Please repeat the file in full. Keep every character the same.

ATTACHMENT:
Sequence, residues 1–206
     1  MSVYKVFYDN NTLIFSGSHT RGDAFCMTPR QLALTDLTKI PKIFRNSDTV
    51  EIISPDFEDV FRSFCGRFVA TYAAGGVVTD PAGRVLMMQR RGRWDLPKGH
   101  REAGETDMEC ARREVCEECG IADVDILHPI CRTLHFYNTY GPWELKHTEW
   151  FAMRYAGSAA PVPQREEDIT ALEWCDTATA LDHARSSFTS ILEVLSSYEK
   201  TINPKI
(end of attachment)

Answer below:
Sequence, residues 1–206
     1  MSVYKVFYDN NTLIFSGSHT RGDAFCMTPR QLALTDLTKI PKIFRNSDTV
    51  EIISPDFEDV FRSFCGRFVA TYAAGGVVTD PAGRVLMMQR RGRWDLPKGH
   101  REAGETDMEC ARREVCEECG IADVDILHPI CRTLHFYNTY GPWELKHTEW
   151  FAMRYAGSAA PVPQREEDIT ALEWCDTATA LDHARSSFTS ILEVLSSYEK
   201  TINPKI